Not to worry. Here's the continuation. He does actually get there! :)

They do come equipped with several instinctive survival mechanisms (incredible to see), and they're surprisingly resilient, even at just 2 days old. It's amazing how far their movement has come already in just this short time!

And you gotta love their little noises. :)

But they are still very vulnerable (hence our 24-7 puppy watch). :)

More to come. Just trying to do things in bits as I'm able. You'll have to be patient with the old gal here (not as young as I used to be, and less stamina than I used to have!).  And I'm seriously sleep-deprived (though DH is wonderful about sharing the load - we tag team - a true partnership in puppy endeavors!).

I'll have more on the actual 2-day old report in the next few hours (and of course a few more pics and videos). Enjoy!

'til then,

The Neonates (1-14 days Old) - Informational Post

So here it is, 12:30 a.m. March 27th, and eight of the nine pups are now fully 48 hours old. The ninth will be 48 hours old in a little less than two hours. To simplify things, let's just say they're two days old now (hehe).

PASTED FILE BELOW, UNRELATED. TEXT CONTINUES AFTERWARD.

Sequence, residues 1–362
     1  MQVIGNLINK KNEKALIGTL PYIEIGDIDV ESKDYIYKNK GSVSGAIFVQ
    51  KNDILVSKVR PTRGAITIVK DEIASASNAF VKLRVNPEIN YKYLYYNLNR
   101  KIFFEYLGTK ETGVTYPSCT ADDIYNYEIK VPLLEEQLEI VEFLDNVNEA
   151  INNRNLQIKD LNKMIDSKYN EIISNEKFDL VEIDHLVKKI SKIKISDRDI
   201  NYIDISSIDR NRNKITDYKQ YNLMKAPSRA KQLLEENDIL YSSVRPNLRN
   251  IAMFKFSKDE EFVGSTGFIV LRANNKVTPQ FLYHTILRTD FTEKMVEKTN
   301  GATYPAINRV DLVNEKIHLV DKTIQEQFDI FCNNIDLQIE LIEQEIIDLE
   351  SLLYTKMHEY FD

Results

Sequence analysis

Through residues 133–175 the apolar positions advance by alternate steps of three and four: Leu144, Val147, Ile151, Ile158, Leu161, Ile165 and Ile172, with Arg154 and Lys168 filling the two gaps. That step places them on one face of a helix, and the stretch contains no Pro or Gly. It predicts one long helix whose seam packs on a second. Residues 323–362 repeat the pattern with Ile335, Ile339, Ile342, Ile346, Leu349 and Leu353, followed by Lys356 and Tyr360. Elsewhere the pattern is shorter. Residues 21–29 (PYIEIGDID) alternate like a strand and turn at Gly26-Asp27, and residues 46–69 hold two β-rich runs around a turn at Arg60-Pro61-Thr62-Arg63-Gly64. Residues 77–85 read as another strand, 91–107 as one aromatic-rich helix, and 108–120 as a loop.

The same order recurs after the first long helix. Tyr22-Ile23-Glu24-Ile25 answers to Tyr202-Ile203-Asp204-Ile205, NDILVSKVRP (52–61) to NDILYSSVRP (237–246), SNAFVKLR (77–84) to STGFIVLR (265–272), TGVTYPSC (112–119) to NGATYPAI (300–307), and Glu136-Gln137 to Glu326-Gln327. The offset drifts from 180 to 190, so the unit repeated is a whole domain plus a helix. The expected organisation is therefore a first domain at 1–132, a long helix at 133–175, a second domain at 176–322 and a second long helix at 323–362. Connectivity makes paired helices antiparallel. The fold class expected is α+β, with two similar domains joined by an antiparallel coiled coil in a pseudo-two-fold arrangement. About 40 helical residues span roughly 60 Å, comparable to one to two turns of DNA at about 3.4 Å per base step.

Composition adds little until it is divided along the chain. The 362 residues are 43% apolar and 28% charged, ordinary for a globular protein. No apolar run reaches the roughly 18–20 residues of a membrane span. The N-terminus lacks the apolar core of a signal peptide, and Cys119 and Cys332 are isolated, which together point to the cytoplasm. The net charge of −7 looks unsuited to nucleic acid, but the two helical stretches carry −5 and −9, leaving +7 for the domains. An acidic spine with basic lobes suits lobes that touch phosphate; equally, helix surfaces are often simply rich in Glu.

DH and I are doing our 24-7-trying-to-make-sure-no-puppies-get-smothered routine. We tag team to make sure someone is doing puppy-head-counts about every 10 minutes round the clock (I get the late night shift). We check every time we walk by the box, every time we hear Kenya move, whenever Kenya settles into the box after having been outside, and whenever we think to (which is constantly at this point!). It may seem excessive but after our experience with Elsie laying on top of one of her pups three years ago, we won't take any chances. We'll do this for the entire first week of their lives. Hopefully, by then they will have become strong enough to squirm out from underneath Kenya if it happens. I'll trade a little sleep for healthy puppy survival any day of the week!